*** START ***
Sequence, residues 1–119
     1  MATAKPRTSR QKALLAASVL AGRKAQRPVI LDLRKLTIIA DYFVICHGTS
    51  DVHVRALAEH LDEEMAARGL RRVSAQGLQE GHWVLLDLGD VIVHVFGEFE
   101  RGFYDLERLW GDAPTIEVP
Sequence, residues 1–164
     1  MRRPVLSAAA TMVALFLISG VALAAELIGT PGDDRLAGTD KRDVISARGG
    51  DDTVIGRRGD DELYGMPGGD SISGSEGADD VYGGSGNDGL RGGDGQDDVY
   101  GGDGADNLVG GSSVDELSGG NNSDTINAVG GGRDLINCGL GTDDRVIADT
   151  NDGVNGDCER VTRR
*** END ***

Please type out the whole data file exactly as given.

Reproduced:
Sequence, residues 1–119
     1  MATAKPRTSR QKALLAASVL AGRKAQRPVI LDLRKLTIIA DYFVICHGTS
    51  DVHVRALAEH LDEEMAARGL RRVSAQGLQE GHWVLLDLGD VIVHVFGEFE
   101  RGFYDLERLW GDAPTIEVP
Sequence, residues 1–164
     1  MRRPVLSAAA TMVALFLISG VALAAELIGT PGDDRLAGTD KRDVISARGG
    51  DDTVIGRRGD DELYGMPGGD SISGSEGADD VYGGSGNDGL RGGDGQDDVY
   101  GGDGADNLVG GSSVDELSGG NNSDTINAVG GGRDLINCGL GTDDRVIADT
   151  NDGVNGDCER VTRR